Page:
Traveling the path of culinary inspiration with beef

Whether they’re on campus or in the workforce, millennials love beef and think of it as flavorful, celebratory and social, according to research funded by The Beef Checkoff. In comparison, they see other proteins such as chicken and pork as “everyday.” That explains why millennials—the 80 million consumers born between 1980 and 2000—account for the majority of beef-eating occasions in foodservice, according to the research. Understanding and pleasing these food-savvy trendsetters will drive bottom-line success for operators for decades to come. ribeye steak plate

Of course, operators already know how well beef resonates with customers across the board. Indeed, beef is the No. 1 protein in foodservice in terms of volume, market share and the dollars it brings in, according to Technomic  (Usage and Volumetric Assessment of Beef in Foodservice: 2013 Edition). In fact, beef sales increased in volume by 79 million pounds in foodservice in the last year. Not only is beef demand at an all-time high now, consumers say they plan to eat as much beef—or more—over the next six months.

However, operators should not take millennials’ desire for beef for granted. They have different attitudes and habits than their older counterparts. For example, millennials love snacking, sharing dishes and ordering menu items “for the table.” They are crazy about customizing their food and expect lots of choices. They’re intrigued by global ingredients, unusual ethnic dishes, bold flavors and novelty. Beef Checkoff research shows that 53 percent of millennials enjoy trying new cuisines when they eat out, and 37 percent say that family and friends turn to them for dining recommendations, making them opinion leaders. These realizations are inspiring operators to create attention-grabbing, on-trend beef dishes that satisfy their cravings.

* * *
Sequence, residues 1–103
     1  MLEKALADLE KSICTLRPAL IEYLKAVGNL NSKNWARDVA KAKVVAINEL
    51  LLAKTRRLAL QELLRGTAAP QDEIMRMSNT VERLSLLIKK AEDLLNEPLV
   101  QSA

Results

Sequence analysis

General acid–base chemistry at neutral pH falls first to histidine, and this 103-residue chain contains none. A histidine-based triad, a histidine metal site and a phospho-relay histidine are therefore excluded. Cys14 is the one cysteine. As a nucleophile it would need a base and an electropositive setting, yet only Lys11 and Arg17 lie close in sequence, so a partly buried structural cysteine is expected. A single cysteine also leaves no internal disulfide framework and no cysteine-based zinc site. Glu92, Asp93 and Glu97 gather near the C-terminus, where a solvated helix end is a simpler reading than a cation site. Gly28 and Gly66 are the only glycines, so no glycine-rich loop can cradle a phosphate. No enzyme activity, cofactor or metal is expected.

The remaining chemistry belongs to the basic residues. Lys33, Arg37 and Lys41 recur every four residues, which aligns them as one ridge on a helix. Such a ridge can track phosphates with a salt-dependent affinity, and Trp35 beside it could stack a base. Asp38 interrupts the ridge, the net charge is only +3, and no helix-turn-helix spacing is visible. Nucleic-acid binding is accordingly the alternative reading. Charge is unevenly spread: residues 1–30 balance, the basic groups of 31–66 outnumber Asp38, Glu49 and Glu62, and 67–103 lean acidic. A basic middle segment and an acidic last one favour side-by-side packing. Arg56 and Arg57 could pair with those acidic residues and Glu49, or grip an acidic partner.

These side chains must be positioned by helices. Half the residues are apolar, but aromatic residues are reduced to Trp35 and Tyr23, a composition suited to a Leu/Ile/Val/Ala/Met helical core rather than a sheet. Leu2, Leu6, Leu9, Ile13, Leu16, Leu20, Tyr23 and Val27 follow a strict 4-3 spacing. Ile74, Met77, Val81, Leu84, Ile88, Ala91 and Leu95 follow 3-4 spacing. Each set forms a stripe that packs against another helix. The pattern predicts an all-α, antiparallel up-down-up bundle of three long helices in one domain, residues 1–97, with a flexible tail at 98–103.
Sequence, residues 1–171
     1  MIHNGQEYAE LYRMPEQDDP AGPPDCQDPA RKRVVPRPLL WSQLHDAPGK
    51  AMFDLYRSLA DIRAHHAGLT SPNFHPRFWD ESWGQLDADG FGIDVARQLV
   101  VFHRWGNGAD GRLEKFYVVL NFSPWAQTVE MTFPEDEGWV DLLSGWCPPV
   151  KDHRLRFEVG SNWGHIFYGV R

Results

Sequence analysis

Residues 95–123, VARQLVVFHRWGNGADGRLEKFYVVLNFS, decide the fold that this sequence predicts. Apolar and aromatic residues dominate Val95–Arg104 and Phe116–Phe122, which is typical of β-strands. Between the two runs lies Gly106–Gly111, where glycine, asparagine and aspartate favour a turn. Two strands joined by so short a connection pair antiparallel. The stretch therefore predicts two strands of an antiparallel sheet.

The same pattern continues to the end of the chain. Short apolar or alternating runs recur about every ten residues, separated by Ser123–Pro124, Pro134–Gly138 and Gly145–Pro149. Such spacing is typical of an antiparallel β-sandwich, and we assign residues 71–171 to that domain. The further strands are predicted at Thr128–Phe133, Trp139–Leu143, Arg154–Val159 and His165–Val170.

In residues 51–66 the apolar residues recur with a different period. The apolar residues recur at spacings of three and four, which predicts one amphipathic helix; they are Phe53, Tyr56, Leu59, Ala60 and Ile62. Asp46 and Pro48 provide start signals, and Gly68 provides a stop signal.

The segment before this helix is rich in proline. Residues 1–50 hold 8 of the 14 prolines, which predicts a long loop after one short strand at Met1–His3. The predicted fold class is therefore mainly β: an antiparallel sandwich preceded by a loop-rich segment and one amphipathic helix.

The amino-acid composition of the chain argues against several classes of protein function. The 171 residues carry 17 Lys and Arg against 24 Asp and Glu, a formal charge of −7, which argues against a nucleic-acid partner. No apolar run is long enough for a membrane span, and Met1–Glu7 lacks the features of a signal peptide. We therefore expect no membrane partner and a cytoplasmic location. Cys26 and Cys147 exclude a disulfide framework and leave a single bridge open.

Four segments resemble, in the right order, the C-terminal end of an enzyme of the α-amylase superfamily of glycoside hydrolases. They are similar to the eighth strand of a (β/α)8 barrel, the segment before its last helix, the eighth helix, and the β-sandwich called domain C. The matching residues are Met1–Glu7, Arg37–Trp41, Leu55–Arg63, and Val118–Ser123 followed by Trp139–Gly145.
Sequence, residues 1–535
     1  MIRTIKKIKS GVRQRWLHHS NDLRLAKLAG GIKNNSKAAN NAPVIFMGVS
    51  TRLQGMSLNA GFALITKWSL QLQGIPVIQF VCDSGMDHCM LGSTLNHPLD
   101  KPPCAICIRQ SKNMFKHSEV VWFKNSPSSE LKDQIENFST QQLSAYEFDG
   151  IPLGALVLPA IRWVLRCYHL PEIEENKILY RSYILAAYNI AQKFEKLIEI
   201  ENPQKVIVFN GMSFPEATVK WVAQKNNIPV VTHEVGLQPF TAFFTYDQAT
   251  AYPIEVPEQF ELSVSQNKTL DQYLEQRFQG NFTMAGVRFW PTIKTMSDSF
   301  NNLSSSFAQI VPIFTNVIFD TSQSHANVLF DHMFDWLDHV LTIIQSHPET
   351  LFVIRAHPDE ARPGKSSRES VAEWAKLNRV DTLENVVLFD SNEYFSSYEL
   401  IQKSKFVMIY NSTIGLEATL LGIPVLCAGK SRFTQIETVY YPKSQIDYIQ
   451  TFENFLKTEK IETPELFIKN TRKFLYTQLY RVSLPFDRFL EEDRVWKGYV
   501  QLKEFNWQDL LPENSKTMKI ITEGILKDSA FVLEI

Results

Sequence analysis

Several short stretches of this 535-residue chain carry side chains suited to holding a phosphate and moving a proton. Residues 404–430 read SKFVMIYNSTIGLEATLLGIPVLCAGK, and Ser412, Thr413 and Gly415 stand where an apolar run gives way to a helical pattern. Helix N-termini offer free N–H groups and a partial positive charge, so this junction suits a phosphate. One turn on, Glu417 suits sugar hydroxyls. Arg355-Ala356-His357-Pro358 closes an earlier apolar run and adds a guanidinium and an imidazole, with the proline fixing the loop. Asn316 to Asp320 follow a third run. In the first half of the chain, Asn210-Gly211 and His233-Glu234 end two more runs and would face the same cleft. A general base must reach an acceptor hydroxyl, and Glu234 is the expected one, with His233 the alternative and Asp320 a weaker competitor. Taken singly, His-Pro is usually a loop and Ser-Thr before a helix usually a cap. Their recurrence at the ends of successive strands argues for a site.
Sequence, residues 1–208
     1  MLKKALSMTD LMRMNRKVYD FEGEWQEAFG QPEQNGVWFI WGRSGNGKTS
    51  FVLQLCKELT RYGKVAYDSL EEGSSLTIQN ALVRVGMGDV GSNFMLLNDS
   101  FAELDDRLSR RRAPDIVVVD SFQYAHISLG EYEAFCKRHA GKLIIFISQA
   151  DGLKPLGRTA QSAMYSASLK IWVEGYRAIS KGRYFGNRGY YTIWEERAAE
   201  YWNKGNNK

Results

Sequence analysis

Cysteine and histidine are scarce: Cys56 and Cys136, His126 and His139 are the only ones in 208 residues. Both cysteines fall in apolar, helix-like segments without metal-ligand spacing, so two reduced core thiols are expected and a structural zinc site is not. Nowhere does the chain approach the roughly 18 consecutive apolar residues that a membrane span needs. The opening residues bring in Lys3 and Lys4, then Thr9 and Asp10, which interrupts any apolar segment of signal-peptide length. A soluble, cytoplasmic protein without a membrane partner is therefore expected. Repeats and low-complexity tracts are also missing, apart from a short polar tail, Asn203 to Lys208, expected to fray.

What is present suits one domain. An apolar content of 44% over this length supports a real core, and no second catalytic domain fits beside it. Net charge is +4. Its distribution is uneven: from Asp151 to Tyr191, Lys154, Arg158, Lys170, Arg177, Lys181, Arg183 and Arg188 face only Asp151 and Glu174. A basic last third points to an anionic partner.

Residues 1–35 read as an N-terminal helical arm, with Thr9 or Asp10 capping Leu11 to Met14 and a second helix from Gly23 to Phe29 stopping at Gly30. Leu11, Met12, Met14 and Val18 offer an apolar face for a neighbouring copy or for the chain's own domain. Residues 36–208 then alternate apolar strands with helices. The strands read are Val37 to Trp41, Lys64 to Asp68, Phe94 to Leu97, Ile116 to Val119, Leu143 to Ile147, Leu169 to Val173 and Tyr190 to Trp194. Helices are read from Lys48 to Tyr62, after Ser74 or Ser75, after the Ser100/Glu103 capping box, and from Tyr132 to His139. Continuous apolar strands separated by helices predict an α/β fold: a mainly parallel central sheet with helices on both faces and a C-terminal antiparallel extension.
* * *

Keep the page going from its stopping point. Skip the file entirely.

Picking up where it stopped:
A dish such as the Ribeye Ramen Bowl, for example, with juicy beef ribeye filet slices over noodles in a delectable broth of sautéed shiitake mushrooms, ginger, garlic, kombu and organic red miso, typifies what millennials find exciting today: the rich, satisfying flavor of beef coupled with the lively spices, sauces and techniques of Asian, Latin-American or Mediterranean kitchens.

At Amphora Restaurant in Vienna, Va., the Mexican Cheesesteak Sub showcases thinly sliced Ribeye accompanied by jalapenos, melted pepper jack cheese and chipotle mayonnaise. In the same way, El Pollo Loco, the Costa Mesa, Calif.-based quick-service chain, used bold Latin flavors when it created the Shredded Beef Torta, a limited-time menu offering of hand-shredded beef, avocado and pico de gallo on a fresh bolillo roll.

Fun, new menu ideas like these often rely on mainstay beef cuts such as Top Sirloin, Top Loin and Ribeye portioned into appetizers, bowls, small plates, side dishes, sandwiches, wraps and burritos. Menuing shareable, portable and hand-held items allows operators to follow trends that millennials enjoy taking part in, such as customization, snacking, takeout food and smaller, healthier meals.

The flavor, tenderness and versatility of Ribeye helped propel the cut to a sales increase of 3 million pounds in 2013. Operators can easily cut it into tasty and versatile petite roasts, filets and cap steaks that can be roasted or grilled, sliced and fanned out on the plate or used to headline noodle or rice bowls, sandwiches and salads. A little goes a long way to add succulent flavor and menu prestige.

Another favorite of beef lovers is the Top Loin. The best-selling Top Loin Steak is more commonly known as the Strip Steak, or the New York Strip or Kansas City Strip for regional appeal. This sub-primal also breaks down easily into the Strip Petite Roast which is perfectly portioned for carving, sandwiches, salads and ethnic dishes. Cutting the Strip Petite Roast crosswise into 1- to 2-inch portions creates the Strip Filet, a round, right-sized steak with a look similar to the higher-priced Tenderloin Steak, or Filet Mignon.

Customers also clamor for the tender, juicy Top Sirloin. One of its easy derivatives is the Coulotte Steak, well-marbled and good for everything, from Latin fare to steak-and-shrimp combos and breakfast steaks.

“Top Sirloin is one hard-working cut,” say Chef Tim Soufan, an R&D consultant. “If you buy a whole Top Sirloin, you can cut great steaks from the center and use the rest to add high-end sirloin appeal to everything from steak tip appetizers to fried steak fingers and shepherd’s pie.”

While the flavorful and satisfying experience of eating beef is likely the major attraction for millennials, beef also has health and wellness appeal, particularly as a whole food that delivers an excellent source of high-quality protein. With more than half of adults saying they want more protein in their diets, according to recent research by the NPD Group, operators have another convincing reason to make beef the cornerstone of their menus.

This post is sponsored by The Beef Checkoff Program


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